U.S. Open Champ and Ace Sportswriter Produced Golf Book of Prose and Poetry

Jerome Travers 1915 Open

Jerome Travers 1915 Open

Grantland Rice

Grantland Rice

The November 1917 issue of The American Golfer includes a column by a writer who used the pen-name  “Sam Solomon” in which he considers the relationship between golf and poetry:

“A certain affection appears to exist between the spirits of this game and the muse of verse. There is an old affinity between golf and poetry. It is natural, surely, that is should be so, when we consider that golf is a thing of Nature and freedom and the open world, and makes a riot of the emotions, and that, again, it is a thing of history and traditions, and colourful romance all the way from the beginning until now. Great pictures have been painted of golfers at their game; statues of golfers have been raised; art and the sport have had much to do with one another, and agreeably so.”

He continues,

“Here in America there has for long been the tendency in the game to versify. Our own pages within the golden covers from time to time bear witness of it. Perhaps Grantland Rice has come nearest of all Americans to the true sentiment coupled with graceful phrasing, and he has maintained the most indispensable quality of dignity. He has known that the truth can often be told in verse better than any other way. In his [poem] “Dedicated to the Duffer” at the beginning of The Winning Shot, and elsewhere in that book, there are some pretty pearls:”

This is the substance of our Plot—
For those who play the Perfect Shot,
There are ten thousand who do not.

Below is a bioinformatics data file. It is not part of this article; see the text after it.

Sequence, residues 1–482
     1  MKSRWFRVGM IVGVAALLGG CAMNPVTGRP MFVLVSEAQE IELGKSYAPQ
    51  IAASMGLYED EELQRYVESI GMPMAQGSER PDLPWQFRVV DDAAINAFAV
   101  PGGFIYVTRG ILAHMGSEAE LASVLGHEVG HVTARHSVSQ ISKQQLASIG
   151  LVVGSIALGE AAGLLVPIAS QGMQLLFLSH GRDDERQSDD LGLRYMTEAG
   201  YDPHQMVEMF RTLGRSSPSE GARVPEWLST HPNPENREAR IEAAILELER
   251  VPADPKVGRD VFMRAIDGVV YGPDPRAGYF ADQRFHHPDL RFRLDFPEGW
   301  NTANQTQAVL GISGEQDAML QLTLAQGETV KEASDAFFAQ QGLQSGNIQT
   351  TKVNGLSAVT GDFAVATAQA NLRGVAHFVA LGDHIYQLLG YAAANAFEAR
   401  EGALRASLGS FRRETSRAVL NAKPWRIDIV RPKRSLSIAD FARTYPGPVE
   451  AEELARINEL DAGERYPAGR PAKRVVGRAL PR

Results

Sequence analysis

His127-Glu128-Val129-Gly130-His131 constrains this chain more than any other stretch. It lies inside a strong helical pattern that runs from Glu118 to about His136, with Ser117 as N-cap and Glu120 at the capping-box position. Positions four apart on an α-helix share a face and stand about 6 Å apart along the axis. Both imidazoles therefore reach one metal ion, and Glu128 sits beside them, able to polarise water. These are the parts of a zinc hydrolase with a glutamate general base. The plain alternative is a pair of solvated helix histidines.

For each who comes to growl and whine
Because one putt broke out of line
And left him but a Sixty-Nine.

At least ten thousand on the slate
Rise up and cheer their blessed fate
Because they got a Ninety-Eight.

The Winning Shot (published by Doubleday, Page & Co. in 1915) was actually written by Jerome Travers, a great amateur golfer of the early 20th century who won the U.S. Amateur Championship four times and won the U.S. Open as an amateur in 1915 at Baltusrol. Travers wrote the prose and Grantland Rice, arguably the greatest sportswriter of the first half of the 20th century, wrote the poetry. Rice, of course, is best known for his lines,

For when the One Great Scorer comes
To write against your name,
He marks – not that you won or lost –
But how you played the Game. [Read more…]


The Origin of The Royal and Ancient Game of Golf


With the site of the British Open at Turnberry in Scotland next month, it’s an appropriate time to review what is known about golf’s beginnings.

We know that the earliest written reference to golf in Scotland was in the famous Act of Parliament of 1457. We know as well, as Robert Browning writes in his book A History of Golf (1955), that

“from the Peace of Glasgow in 1502 to the Revolution of 1688, every reigning monarch of the Stuart line — two kings and one queen of Scotland, four kings of the United Kingdom — was a golfer.”

It’s not called “The Royal and Ancient Game of Golf” for nothing!

But what of golf’s actual origin, its “big bang?” Sir Walter G. Simpson in his book The Art of Golf, published in 1887, suggests the following “two shepherds theory:”

“A shepherd tending his sheep would often chance upon a round pebble, and having his crook in his hand, he would strike it away…On pastures green this led to nothing : but one on a time (probably) a shepherd, feeding his sheep on a links—perhaps those of St. Andrews—rolled one of these stones into a rabbit scrape. “

The shepherd then hailed another who attempts to duplicate the feat, but fails. They then deepen the rabbit scrape and begin practicing. Simpson continues, [Read more…]


Golf Instruction With Illustrated Poetical Positions!




Fore, lads! Keep out o’ the line o’ fire,
And I’ll teach ye to drive a ba’,
That’ll flee to the clud, and fa’ wi’ a thud,
Twa hundred yards awa’.

Ye maunna (must not) be stridin’ your legs ower wide,
Like a puddock (frog), across the green,
Nor be haudin’ your elbows pinned to your side,
And lettin’ your nails be seen.

And dinna be bendin’ your chin to your knees,
At an angle o’ forty-five,
Nor wrigglin’, as if ye were treadin’ on peas:
Keep your energy a’ for your drive.